On The Books: Drink your books, a water safety manual doubles as a water filter

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Some people think of everything, like the folks over at humanitarian group WaterisLife. They wrote a book on water quality, but went the extra mile and made the pages actual water filters that can be torn out and used to treat contaminated water. My first question was: what languages are they printing this in because chances are the people who need this speak only a local dialect. Sure enough they covered that: “Each page of the book is divided by perforation into two squares. The top half has information printed in English, while the bottom half is printed in a locally spoken language. The first run was printed in English and Swahili to be distributed in Kenya, but the goal is to expand printing for languages spoken in all 33 countries where WaterisLife operates.” [Slate]

File this under “Not Again,” a man named Gary Stewart has written a book claiming his late father was the Zodiac Killer. HarperCollins just published the The Most Dangerous Animal of All today, and the company’s lawyers feel confident that the 367-page work is “legally sound.” The publicist told New York Mag, “If you look at Gary’s photo next to the sketch of the Zodiac next to his father’s mug shot, you can see that there is very clearly more than just a passing resemblance,” she said. “They look alike.” [NYMag]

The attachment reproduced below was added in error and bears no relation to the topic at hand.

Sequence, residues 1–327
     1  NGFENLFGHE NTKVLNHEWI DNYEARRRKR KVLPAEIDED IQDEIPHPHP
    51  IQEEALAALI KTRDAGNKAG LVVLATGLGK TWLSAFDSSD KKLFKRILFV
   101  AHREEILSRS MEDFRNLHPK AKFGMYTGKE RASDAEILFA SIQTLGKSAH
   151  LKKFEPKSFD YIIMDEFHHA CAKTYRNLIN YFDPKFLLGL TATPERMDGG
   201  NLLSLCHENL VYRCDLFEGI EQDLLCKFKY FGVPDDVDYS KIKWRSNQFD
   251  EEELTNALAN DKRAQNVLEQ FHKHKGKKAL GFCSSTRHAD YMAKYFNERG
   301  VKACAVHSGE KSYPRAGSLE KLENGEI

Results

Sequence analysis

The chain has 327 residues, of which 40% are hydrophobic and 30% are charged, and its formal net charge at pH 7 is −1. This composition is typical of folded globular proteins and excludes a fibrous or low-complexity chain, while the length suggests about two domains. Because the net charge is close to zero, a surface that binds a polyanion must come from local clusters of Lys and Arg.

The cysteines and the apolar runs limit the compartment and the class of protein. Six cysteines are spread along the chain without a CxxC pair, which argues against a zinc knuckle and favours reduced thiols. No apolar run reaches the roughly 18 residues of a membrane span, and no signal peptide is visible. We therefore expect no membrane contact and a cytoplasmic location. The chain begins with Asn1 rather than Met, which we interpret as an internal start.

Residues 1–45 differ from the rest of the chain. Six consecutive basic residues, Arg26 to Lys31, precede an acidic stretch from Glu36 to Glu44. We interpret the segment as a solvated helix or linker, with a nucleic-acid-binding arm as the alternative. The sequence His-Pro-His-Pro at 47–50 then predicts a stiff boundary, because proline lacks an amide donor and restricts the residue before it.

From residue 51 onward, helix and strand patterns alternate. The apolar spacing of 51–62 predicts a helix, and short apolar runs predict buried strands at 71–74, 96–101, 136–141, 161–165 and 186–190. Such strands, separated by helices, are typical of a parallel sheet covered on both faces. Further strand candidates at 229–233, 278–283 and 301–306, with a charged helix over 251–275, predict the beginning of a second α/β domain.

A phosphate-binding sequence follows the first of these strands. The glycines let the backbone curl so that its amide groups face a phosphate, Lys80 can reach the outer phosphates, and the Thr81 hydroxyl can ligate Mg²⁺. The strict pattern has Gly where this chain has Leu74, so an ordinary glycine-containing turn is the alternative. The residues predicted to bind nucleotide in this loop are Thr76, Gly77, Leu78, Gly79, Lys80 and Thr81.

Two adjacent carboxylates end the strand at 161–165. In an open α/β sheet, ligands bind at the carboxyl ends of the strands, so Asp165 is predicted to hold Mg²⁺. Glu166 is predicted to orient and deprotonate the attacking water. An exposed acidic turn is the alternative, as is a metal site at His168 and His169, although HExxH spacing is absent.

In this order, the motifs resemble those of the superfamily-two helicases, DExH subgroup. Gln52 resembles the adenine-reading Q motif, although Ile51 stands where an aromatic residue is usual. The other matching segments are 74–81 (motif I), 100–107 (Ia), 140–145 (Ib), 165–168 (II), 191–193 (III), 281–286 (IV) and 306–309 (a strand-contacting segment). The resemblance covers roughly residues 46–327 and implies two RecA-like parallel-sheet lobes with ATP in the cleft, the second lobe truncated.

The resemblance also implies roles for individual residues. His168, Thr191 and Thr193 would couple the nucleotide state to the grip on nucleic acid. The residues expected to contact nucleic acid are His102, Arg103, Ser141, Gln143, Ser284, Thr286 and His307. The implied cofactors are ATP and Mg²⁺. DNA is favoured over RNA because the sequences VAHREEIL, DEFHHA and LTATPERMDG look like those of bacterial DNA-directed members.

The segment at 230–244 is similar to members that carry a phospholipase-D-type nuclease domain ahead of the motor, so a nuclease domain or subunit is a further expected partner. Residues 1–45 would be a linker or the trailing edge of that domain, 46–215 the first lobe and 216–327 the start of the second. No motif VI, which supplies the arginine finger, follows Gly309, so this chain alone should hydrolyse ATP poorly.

Paste did a round-up of the last 13 feminist bookstores in the US and it is a grim list. Surely there have to be more than this… [Paste]

The New Yorker has an great Q&A with Peggy McIntosh, the women’s-studies scholar at Wellesley who coined the term “white privilege” in 1988. Her famous paper contained 46 examples of white privilege. “Number 21: ‘I am never asked to speak for all the people of my racial group.’ Number 24: ‘I can be pretty sure that if I ask to talk to the “person in charge,” I will be facing a person of my race.’ ” [New Yorker]

Check out this sweet infographic of science fiction’s greatest inventions that came to life decades later, which begs the question, was it prediction or influence? Jules Verne wrote about electric submarines in his 1870 novel Twenty Thousand Leagues Under the Sea, and by 1960 our navy is puttering around the Atlantic is these very submersibles. [The Outlet]

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